The first instinct of a werewolf is pack. Gain pack, protect pack, fight for pack.
When the pack is gone, all imperatives are gone with it.
The only instinct that remains is survival. A werewolf will kill for it, or do whatever else it takes. But at the back of their head, a werewolf will always be missing a vital part.
Without a pack, a werewolf goes rabid, because there is no reason to remain human.
Human feelings can’t catch up with a wolf.
It doesn’t look much like a house, Lydia thinks.
There are walls, and then there is a bit of a roof, and even glass still in a window or two. The door is still there, and the only thing that’s new: a heavy padlock. On the outside, not on the inside, so put there by someone who wants to keep people out and stay out themselves. Lydia looks at it for far longer than she looks at the rest of the house in total.
She has a key, jingling cheerfully in her hand when she stumbles towards the house across what once was a lawn, and now is a clearing in the woods. She didn’t mean to come here, not at all. It’s an idea born in a split second ‒ she was listening to her mother talking about her (“…already went so far, so she deserves a bit of rest! I told her, with the right education, she can get a job that she can do from home. And I’m just glad to have her back…”) with the local vet (“Quite true, Mrs Martin. So many young people prefer to stay in the city these days. Houses stay empty, it’s a sad view. Like the old Hale house.”). Deaton had a key on him, and was going to look around the house anyway ‒ check if someone broke in, or if the recent rain washed it away completely? ‒ and Lydia found herself paying more attention (“I could do it for you. I have nothing better to do anyway. No deadlines chasing me.”). She smiled, he smiled. A deal it is, then.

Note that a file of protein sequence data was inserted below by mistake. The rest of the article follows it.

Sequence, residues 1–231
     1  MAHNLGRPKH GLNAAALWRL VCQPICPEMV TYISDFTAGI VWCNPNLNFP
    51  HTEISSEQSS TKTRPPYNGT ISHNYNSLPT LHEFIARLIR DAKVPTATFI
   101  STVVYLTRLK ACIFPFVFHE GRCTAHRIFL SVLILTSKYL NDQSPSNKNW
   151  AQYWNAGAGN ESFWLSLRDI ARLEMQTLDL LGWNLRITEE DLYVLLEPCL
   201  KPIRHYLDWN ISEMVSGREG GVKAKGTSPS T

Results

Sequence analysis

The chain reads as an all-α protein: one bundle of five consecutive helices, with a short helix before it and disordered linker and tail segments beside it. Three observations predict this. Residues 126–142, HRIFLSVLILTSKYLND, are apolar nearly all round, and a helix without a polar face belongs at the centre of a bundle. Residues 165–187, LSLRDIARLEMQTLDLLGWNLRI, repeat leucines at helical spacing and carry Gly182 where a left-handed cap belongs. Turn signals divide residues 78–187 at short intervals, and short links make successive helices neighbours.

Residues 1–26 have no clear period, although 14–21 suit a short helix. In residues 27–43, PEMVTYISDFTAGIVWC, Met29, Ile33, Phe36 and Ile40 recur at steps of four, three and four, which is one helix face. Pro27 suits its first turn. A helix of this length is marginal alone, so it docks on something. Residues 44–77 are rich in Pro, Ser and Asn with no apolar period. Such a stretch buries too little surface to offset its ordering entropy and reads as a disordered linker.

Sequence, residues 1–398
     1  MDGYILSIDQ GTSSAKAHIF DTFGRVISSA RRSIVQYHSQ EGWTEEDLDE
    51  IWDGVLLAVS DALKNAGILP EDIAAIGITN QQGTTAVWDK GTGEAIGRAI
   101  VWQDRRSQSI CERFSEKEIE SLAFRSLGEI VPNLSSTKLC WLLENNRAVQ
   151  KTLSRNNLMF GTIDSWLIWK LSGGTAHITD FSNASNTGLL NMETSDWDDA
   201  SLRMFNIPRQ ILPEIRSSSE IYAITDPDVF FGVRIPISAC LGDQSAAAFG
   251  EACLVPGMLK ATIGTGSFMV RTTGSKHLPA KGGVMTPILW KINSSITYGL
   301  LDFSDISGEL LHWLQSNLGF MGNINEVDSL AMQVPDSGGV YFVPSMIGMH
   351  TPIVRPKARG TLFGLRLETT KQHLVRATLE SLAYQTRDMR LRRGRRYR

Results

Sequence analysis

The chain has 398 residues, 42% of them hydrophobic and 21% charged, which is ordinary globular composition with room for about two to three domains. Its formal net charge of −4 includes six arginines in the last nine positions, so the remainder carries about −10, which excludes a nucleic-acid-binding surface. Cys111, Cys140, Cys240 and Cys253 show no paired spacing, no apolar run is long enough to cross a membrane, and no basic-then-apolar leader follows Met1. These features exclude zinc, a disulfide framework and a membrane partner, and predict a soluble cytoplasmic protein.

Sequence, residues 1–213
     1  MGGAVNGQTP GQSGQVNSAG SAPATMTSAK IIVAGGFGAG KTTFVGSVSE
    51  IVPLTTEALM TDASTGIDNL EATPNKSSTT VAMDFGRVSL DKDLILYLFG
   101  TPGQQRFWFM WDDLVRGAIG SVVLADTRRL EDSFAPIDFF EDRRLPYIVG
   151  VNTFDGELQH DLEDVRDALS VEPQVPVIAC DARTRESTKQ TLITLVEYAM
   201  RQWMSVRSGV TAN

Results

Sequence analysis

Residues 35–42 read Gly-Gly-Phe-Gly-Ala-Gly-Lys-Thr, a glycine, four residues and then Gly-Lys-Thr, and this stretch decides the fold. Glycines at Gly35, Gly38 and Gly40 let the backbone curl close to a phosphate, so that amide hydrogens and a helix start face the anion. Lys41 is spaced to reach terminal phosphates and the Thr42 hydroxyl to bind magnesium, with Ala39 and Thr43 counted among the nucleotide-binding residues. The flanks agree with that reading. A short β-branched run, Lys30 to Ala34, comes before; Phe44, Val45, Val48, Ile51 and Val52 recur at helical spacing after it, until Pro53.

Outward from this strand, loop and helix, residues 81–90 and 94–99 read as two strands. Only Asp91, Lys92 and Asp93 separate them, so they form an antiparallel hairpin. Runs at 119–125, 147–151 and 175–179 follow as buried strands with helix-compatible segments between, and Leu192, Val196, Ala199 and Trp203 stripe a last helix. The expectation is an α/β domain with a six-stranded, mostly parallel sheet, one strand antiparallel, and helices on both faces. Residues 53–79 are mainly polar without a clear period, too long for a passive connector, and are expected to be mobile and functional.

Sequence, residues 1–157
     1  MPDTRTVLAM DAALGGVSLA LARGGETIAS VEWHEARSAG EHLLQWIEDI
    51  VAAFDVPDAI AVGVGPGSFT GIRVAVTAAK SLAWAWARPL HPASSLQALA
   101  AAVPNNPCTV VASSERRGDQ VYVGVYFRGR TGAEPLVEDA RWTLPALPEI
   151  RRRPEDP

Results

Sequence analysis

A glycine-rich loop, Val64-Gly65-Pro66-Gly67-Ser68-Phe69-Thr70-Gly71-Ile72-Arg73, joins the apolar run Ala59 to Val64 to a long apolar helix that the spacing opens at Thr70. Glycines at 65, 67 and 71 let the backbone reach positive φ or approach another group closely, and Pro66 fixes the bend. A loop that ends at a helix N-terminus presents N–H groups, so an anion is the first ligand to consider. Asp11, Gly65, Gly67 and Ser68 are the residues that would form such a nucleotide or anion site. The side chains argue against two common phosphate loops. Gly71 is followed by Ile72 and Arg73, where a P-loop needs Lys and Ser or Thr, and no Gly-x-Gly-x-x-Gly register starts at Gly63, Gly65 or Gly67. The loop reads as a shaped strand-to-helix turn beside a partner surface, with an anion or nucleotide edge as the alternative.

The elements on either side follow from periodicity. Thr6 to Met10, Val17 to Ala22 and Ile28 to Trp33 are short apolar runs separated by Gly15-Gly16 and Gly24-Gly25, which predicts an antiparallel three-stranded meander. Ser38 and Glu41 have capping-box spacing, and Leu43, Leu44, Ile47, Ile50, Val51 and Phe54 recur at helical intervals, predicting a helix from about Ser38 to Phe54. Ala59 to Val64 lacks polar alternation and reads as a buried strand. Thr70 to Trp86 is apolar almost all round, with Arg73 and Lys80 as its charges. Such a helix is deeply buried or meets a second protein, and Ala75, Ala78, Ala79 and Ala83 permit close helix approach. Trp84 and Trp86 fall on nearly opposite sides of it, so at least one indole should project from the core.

The grass is tall and wet, mud clinging to Lydia’s ankle boots. She looks down when she finally gets to the porch, which is just a glorified slob of concrete, and tries to subtly wipe her shoes on the steps. She grimaces ‒ they’re far beyond repair.
The lock doesn’t give way too easily. It’s new, true, but left to the elements, and Lydia thinks it will get rusty soon. She pushes the door open, and walks inside.